• I wish you luck Janet. Everyone has a different story and none are the same, so anyone telling you anything should have no bearing, but for some odd reason people like to relive things. I had 2 surgeries at the end of 08, not knee related, and the horror told to me before hand was unbelievable. THis ones sister had it and that ones brother did it and yada yada. talk is cheap
    Your Catholic upbringing will make you check , recheck and double check everything, but in the end, you will be pain free and gimpless (if that is even a word) and that is truly why you are doing it....

  • In reply to lyndag:

    Thank you, Linda- I will try not to be so obsessed about this- I am trying to pre-fear it so I can be brave when it happens. I know that does not work. Still, it is the Catholic way. I feel kucky that so many prople are encouraging me here and on Facebook. Because I am Chicken Little. But I am tired of being a crabby complainer. Some people have things that there is no fix for- I am the lucky one!

  • In reply to JanetDahl:

    That's my thought also, Janet. It is fixable and we are so blessed to live in a time of computers and high tech procedures. Don't think about it until the time comes....making the decision was the best thing!!

  • In reply to JanetDahl:

    Hello Janet; I had both my knees done this past year. Now that a year has passed from the first knee, I would say it was the best thing I could have done for myself. My wife is a surgical nurse and wanted me to pursue the latest less invasive knee replacement surgery. I am not trying to sway you in any way, but I have to say my surgery was a resounding success. As, I hope, You're surgery will be. If I could offer 2 bits of advice: 1.Ice and plenty of it after surgery. Any amount of swelling you can possibly prevent is helpful during rehab. 2. Stick with the physical therapy no matter how "uncomfortable". It's the key to a successful outcome. Good Luck. I will check you're blog for future info on you outcome. Keep up the good spirit's, the positive frame of mind will serve you well.

  • In reply to JanetDahl:

    Good decision. I had both knees replaced two years ago, at age 59, and it was the best decision I've ever made. I, too, suffered for years until I couldn't trust my knees enough to carry my grand babies. Two years later, I'm doing everything I want and more!

    Ice, ice, ice, take your pain meds religiously (before you start hurting), and be dedicated about your rehab. Within a few weeks, you'll feel reborn.

    Good luck. I'm sure you'll do splendidly and soon you'll be able to the Macarena any darn place you please!

    Sue Grousd

  • In reply to lyndag:

    Janet: Even though I have not lived in Chicago for 15 years (I'm in the San Francisco area but still dying to get back to the real world!) I am a longtime fan of Steve's and I read your blog religiously. I am an online writer, too, and I enjoy how you turn a phrase. I've always lurked, never commented, but your new-knee-saga has finally made me come out. Five years ago I had bi-lateral knee replacements after suffering for years. I can so relate to the braces, Synvisc, cortizone, buckets of Advil, grocery carts-as-crutches, canes, bone-on-bone pain, etc. It was the best thing I ever did. I was 59 at the time. Not having one good limb to rely on, I spent two weeks in in-patient therapy followed by several months of out-patient. I am not usually the most compliant individual, but this time I did it all. I figured why go thru all that pain and not have the best possible outcome? I just had my five-year check-up last week and the titanium shows no sign of wear. The scars fade, but they are, indeed, badges of honor. Make sure your bed is the most comfortable it can be. Lay in a supply of large ice packs from the surgical supply store. If Steve can't be relied upon to be a good nurse the first week in particular, have a good friend on hand to assist you. I don't know your pain threshold, but get off the Vicodin asap and rely on Tylenol or Advil or your anti-inflammatory of choice. I'm a wimp and I made it thru. The anticipation is always worse, I think. Some months out you will ask yourself, "Why the hell didn't I do this sooner?" People will comment on how much better you look (minus the ravages of pain clouding your countenance). You will dance at your son's wedding and you will travel with your friends and keep on trekking.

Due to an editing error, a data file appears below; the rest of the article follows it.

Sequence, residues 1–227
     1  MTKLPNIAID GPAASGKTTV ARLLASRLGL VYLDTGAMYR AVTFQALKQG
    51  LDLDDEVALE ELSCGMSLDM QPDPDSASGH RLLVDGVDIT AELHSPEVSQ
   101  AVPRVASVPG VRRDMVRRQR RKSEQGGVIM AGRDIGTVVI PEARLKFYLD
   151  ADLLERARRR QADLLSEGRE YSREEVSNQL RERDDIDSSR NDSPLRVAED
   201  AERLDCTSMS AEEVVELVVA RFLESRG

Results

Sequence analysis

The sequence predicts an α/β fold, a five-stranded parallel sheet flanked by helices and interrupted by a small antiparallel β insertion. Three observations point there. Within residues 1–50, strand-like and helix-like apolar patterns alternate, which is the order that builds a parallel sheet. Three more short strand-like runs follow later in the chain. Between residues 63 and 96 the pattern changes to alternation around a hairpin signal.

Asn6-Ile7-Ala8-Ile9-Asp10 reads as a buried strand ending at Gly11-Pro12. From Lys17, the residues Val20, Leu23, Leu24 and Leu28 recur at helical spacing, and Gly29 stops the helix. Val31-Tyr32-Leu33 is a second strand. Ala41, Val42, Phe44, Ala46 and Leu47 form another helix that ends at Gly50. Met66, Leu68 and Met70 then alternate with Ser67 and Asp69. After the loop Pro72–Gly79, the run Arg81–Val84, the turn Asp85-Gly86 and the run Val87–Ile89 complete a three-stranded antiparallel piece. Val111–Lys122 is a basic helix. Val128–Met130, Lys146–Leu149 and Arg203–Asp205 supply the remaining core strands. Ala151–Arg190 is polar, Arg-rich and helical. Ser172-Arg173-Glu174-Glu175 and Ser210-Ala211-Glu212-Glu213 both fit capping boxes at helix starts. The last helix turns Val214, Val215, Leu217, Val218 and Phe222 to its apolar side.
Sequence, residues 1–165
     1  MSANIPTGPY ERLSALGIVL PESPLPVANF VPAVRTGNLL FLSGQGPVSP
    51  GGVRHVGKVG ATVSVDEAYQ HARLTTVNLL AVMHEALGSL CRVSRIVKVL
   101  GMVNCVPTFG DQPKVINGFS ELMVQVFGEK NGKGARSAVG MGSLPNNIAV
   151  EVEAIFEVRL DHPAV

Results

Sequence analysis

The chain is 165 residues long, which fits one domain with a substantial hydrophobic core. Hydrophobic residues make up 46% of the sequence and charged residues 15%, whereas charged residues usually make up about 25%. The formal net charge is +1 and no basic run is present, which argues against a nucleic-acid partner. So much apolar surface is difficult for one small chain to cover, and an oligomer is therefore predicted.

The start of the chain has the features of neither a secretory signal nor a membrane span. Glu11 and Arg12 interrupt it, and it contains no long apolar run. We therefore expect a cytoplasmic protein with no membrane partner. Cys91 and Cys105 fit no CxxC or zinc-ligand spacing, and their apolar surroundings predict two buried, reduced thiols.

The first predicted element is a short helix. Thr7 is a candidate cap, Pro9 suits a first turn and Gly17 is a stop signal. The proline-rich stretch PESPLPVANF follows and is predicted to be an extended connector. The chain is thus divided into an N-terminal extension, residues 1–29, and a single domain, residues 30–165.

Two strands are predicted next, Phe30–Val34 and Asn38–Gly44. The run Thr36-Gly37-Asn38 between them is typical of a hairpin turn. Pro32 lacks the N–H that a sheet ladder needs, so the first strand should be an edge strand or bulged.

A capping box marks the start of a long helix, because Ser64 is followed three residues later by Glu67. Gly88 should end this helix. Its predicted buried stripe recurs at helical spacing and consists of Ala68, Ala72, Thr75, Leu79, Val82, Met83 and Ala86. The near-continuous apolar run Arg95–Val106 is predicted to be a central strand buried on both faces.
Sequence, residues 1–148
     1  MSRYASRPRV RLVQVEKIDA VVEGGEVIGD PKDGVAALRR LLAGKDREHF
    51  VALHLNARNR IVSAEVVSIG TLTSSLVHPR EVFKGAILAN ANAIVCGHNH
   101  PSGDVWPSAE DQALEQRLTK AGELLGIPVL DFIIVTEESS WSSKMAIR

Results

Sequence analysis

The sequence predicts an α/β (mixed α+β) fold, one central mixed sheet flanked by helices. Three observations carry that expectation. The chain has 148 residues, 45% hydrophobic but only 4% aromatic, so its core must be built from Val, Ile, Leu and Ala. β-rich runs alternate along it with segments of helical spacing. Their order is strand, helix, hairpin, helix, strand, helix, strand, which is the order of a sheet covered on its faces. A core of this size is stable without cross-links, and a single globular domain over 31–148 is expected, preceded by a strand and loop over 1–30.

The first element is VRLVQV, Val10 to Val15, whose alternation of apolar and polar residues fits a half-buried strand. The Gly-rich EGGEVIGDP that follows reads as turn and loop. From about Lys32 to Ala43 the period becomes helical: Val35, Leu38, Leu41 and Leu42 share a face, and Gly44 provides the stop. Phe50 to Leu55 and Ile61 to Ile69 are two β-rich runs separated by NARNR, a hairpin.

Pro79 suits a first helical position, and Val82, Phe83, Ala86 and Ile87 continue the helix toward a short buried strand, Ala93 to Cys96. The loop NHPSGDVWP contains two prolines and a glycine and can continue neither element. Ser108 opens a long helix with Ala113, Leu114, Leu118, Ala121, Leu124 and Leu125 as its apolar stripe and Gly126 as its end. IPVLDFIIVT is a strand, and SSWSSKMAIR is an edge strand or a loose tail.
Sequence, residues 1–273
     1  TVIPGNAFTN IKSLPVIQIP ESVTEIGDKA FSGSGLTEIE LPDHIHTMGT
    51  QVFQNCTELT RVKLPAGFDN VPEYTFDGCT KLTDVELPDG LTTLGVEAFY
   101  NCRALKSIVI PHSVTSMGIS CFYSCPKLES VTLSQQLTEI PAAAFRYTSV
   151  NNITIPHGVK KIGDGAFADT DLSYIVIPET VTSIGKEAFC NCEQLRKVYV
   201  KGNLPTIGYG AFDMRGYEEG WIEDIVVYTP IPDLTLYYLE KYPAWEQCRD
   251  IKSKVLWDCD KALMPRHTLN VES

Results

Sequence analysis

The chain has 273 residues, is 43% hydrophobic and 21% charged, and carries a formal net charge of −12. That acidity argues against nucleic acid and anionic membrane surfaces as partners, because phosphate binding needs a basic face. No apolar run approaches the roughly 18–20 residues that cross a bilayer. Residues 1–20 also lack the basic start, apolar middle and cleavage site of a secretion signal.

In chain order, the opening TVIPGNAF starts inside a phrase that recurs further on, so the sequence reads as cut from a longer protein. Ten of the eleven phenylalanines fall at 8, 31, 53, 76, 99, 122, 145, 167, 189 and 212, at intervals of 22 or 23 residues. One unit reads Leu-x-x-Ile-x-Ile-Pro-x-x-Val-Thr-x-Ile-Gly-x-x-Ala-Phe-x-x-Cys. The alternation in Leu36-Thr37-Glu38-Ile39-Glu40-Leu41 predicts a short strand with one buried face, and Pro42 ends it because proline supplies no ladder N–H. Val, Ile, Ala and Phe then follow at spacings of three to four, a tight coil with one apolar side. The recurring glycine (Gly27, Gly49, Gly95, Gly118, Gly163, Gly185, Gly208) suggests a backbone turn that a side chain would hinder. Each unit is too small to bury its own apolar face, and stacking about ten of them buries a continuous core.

Please continue to keep us posted. One final suggestion, add Guided Imagery to your list of pre-op must-dos. It reduces the fear by making you feel more in charge of what is about to occur. Look for tapes or DVDs at amazon.com by an outstanding practitioner named Belleruth Naparstek. She was recommended to me by a therapist friend. Many hospitals even encourage taking an iPod or other device into surgery to listen to the affirmations. As I said, I'm a major-grade wimp and guided imagery was a miracle savior for me.
    I'll be rooting for you! Sandy Hudson